In contrast, indirect punishment strategies such as gossip and social avoidance13,14,15 are less risky. Gossip, exclusion, and avoidance can be employed in the absence of the offender and hence involve lower costs than confrontational punishment, in that they are less likely to elicit retaliation25. Such indirect behaviors are often intended to impose costs on offenders21,25,26, and they involve a host of negative experiences for their targets27,28. Besides their phenomenological costs, social exclusion and avoidance restrict offenders’ access to benefits offered by coalitional allies (including the punisher). That said, indirect strategies may be less effective than confrontational ones at promptly stopping violations (e.g., if gossip spread is slow or if offenders are merely avoided).
If people indeed use direct versus indirect punishment strategies in a conditional manner, what sort of decision rules do they employ? First, decision rules underlying punishment should be fine-tuned to the benefits of adjusting others’ behavior, which may be higher when (a) the offender is a highly-valued individual29 or (b) the violation is victimizing oneself (rather than someone else)30,31,32. Second, decision rules underlying punishment should be tailored to minimizing the risks of retaliation from offenders, which may be higher when (c) violations are more severe33 or (d) offenders are more powerful34. Of course, such cost-benefit calculations need not be conscious; (e) negative emotions may be a primary motivator of punishment9,35,36.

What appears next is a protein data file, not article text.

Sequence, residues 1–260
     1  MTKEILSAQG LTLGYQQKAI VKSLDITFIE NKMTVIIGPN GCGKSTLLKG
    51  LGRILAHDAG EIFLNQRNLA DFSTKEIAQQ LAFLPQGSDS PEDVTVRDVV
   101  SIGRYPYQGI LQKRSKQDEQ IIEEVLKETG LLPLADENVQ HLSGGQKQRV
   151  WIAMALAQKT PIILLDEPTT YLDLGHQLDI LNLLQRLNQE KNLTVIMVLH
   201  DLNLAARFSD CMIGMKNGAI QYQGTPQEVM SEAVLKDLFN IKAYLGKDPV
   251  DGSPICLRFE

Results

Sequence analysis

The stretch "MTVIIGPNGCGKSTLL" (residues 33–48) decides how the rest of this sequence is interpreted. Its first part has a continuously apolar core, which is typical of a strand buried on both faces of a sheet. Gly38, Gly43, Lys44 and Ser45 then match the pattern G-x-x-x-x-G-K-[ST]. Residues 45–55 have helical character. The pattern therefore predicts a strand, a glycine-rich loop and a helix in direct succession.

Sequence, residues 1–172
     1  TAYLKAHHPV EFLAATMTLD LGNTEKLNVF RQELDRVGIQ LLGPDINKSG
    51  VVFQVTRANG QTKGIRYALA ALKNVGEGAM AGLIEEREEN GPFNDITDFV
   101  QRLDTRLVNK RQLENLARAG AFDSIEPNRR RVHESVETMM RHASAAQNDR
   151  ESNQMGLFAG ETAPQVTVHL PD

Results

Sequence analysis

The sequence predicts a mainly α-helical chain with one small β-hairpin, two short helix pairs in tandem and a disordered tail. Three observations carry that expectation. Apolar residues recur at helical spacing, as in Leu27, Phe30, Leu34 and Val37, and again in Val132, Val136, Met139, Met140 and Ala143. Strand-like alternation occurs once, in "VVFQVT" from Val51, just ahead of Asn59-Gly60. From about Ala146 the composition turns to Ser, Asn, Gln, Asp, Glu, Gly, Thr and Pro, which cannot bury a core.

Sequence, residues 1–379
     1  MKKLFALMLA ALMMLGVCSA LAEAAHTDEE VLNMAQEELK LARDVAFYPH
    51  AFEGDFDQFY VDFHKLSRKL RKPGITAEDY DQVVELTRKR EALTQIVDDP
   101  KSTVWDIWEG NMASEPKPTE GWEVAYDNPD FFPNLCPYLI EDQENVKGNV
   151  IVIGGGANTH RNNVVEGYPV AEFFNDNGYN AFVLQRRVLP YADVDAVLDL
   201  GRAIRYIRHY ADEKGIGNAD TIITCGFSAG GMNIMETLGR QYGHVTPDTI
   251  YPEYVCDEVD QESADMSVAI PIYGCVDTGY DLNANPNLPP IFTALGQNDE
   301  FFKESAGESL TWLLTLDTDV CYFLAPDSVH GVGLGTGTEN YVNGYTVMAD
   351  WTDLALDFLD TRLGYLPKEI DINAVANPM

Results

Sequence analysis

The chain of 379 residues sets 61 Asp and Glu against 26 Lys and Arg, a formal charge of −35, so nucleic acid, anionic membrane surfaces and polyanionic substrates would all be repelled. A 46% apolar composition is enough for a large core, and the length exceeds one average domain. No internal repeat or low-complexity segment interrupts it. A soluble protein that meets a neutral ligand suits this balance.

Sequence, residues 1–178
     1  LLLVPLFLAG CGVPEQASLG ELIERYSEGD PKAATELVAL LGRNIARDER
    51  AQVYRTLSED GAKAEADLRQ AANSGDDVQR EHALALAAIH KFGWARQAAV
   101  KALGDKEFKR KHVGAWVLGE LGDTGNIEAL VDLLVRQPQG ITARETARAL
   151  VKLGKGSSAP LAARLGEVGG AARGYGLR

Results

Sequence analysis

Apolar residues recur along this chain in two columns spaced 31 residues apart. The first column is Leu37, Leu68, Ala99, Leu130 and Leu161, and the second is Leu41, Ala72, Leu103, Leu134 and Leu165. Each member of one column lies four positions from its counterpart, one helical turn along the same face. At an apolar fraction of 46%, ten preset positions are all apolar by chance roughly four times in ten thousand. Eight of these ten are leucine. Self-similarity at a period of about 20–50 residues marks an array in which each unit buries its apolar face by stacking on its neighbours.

To test these hypotheses, we document punishment of norm violations—i.e., behaviors that participants considered immoral, unacceptable, or improper37,38 (for more details, see “Methods” section)—via daily assessments over the course of 2 weeks39. While prior experimental work has typically studied costly punishment (i.e., economic sanctioning) in interactions between strangers, we instead capture a broader range of high- and low-cost punishment responses to norm violations occurring within various relationships. To do so, we measure direct (i.e., physical and verbal confrontation) and indirect (i.e., gossip and exclusion/avoidance) responses to norm violations, which can be used to impose material and/or reputational costs on offenders—be it through physical aggression, verbal communication, reputation manipulation, and/or the withdrawal of social benefits21,24,34,40. Further, we assess both motivations to punish (i.e., what people felt like doing) and punishment behaviors (i.e., what people actually did)41,42. Using two follow-up surveys, we report longer-term patterns by assessing punishment responses one to 2 weeks after the violations occurred.